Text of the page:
IntestinesVsGluten This month is Celiac Disease Awareness Month. Chances are, if you don't have the disease, you don't know much about it (unless you work in the health field). So to understand Celiac disease, we first have to know what a little thing called gluten is. Gluten is a protein in grains like wheat, oats, barley, and rye. It means "glue" in Latin, because it holds bread together and gives dough its stickiness. Different grains have different amounts of gluten; the more gluten, the chewier it makes your baked goods. For example, the flour used for bagels and pizza has more gluten than the flours used in light, crumbly pastries. So what does gluten have to do with Celiac disease? If gluten goes into the small intestine of someone with the disease, it causes an immune system reaction. This means gas, bloating, etc. "True celiacs" will have these reactions even if they eat a small amount of gluten. Other people may just be sensitive to gluten and need to eat less of it. More about Celiac disease here.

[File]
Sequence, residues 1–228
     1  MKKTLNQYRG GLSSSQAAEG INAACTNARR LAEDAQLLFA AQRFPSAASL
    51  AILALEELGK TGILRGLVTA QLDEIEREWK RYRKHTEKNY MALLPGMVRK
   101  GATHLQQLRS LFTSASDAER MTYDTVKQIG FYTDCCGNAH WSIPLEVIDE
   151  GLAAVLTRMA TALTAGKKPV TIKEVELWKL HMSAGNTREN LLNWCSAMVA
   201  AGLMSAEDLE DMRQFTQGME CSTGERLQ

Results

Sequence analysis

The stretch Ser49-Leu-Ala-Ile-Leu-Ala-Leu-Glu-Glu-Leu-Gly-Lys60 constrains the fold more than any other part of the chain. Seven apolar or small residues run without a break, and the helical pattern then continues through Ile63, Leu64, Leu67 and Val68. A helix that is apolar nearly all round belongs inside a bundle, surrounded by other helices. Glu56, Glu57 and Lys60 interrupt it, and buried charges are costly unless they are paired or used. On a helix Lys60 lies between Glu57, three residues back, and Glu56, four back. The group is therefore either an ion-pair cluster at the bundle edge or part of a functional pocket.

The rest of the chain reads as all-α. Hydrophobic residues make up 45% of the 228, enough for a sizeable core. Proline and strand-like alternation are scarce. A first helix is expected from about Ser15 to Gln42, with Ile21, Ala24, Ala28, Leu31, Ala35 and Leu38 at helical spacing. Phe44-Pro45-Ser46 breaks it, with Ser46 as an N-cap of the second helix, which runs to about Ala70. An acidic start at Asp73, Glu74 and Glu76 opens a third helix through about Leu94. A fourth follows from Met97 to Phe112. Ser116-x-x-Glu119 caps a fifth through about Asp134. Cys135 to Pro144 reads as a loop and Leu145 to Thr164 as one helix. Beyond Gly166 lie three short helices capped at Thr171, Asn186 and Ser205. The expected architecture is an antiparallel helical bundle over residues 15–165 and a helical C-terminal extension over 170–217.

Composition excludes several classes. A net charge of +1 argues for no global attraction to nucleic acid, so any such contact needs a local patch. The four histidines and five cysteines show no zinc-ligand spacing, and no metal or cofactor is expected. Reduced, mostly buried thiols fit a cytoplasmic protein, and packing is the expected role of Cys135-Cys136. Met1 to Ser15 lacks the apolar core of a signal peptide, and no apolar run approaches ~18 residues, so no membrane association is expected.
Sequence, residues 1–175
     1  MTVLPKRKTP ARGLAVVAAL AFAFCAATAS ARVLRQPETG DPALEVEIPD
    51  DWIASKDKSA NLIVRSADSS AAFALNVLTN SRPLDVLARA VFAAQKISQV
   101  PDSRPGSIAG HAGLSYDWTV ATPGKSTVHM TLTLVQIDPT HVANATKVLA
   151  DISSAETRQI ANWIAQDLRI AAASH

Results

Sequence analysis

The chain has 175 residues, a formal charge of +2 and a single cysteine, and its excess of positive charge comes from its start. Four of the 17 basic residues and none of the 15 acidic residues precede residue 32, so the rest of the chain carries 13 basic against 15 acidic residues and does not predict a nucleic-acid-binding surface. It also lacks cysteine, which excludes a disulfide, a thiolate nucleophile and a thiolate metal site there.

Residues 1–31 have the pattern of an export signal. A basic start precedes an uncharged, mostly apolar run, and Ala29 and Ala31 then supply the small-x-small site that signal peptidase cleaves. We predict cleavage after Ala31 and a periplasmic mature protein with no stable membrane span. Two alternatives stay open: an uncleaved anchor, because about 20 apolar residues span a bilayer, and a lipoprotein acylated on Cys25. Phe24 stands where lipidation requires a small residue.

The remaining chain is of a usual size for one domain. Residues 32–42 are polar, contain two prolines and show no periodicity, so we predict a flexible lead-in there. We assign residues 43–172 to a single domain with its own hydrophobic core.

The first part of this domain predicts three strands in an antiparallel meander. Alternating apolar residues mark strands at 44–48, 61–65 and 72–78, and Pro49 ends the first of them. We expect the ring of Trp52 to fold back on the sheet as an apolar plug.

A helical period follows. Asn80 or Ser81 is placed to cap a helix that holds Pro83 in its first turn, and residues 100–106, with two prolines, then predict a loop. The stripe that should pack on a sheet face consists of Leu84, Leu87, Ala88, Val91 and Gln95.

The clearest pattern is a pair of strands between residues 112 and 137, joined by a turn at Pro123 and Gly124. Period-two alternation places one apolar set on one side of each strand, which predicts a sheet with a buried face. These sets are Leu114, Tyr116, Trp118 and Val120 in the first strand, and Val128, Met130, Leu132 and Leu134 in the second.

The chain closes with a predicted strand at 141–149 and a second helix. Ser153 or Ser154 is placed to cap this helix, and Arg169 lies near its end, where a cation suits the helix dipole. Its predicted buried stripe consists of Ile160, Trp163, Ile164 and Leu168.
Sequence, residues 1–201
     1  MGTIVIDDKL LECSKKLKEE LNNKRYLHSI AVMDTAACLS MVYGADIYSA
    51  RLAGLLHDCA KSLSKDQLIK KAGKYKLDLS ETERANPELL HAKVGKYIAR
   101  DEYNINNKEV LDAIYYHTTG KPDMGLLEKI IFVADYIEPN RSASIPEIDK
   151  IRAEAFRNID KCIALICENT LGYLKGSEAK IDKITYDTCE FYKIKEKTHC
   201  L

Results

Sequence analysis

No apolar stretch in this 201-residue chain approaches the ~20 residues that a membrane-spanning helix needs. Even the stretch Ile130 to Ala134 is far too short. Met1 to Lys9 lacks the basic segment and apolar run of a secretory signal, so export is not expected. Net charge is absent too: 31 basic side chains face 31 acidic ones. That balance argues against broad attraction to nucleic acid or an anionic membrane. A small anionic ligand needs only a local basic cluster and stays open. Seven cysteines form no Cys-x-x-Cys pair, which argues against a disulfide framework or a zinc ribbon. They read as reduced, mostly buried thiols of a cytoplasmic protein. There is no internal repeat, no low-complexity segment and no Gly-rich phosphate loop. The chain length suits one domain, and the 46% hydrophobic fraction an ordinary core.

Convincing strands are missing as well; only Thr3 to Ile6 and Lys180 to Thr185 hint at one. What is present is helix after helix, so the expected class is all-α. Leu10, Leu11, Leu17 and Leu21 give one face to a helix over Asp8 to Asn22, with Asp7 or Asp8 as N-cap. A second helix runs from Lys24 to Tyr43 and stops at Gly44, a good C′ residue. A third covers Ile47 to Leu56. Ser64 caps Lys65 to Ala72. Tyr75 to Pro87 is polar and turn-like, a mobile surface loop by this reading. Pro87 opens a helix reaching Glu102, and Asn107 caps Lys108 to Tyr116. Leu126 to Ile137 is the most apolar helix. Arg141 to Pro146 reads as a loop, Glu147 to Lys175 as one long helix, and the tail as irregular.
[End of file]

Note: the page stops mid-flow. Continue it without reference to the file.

By popular demand, we are adding a colon to our lineup of gutsy friends (the intestine is pretty darn complex, after all), so help us pick something to say about it:
anatomy-body-organsThis little guy looks none too happy about having his guts exposed to the world, but he's still very handsome and way cooler than the Invisible Man. This fabulous clay figurine is entitled Anatomical Mook and was made by ilovegreyskies on Etsy. As long as we're talking about Etsy, have you Regretsy'd yet today? {Thanks, Pollyanna!}